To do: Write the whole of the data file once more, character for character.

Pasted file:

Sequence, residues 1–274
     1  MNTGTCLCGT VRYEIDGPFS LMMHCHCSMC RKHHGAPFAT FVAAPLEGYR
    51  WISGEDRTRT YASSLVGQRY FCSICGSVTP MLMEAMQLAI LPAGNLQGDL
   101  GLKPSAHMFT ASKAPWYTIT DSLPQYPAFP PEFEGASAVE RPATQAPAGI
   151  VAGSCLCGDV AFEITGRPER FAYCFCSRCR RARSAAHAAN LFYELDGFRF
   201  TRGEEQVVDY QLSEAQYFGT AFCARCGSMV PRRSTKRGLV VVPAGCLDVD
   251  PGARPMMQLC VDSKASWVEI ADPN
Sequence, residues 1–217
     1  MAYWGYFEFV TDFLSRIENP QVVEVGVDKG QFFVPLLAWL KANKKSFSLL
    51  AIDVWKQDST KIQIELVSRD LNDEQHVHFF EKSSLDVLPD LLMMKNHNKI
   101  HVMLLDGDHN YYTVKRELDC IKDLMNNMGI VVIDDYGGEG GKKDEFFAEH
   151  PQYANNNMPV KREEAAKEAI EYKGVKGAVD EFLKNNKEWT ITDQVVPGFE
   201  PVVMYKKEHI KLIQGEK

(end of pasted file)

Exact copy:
Sequence, residues 1–274
     1  MNTGTCLCGT VRYEIDGPFS LMMHCHCSMC RKHHGAPFAT FVAAPLEGYR
    51  WISGEDRTRT YASSLVGQRY FCSICGSVTP MLMEAMQLAI LPAGNLQGDL
   101  GLKPSAHMFT ASKAPWYTIT DSLPQYPAFP PEFEGASAVE RPATQAPAGI
   151  VAGSCLCGDV AFEITGRPER FAYCFCSRCR RARSAAHAAN LFYELDGFRF
   201  TRGEEQVVDY QLSEAQYFGT AFCARCGSMV PRRSTKRGLV VVPAGCLDVD
   251  PGARPMMQLC VDSKASWVEI ADPN
Sequence, residues 1–217
     1  MAYWGYFEFV TDFLSRIENP QVVEVGVDKG QFFVPLLAWL KANKKSFSLL
    51  AIDVWKQDST KIQIELVSRD LNDEQHVHFF EKSSLDVLPD LLMMKNHNKI
   101  HVMLLDGDHN YYTVKRELDC IKDLMNNMGI VVIDDYGGEG GKKDEFFAEH
   151  PQYANNNMPV KREEAAKEAI EYKGVKGAVD EFLKNNKEWT ITDQVVPGFE
   201  PVVMYKKEHI KLIQGEK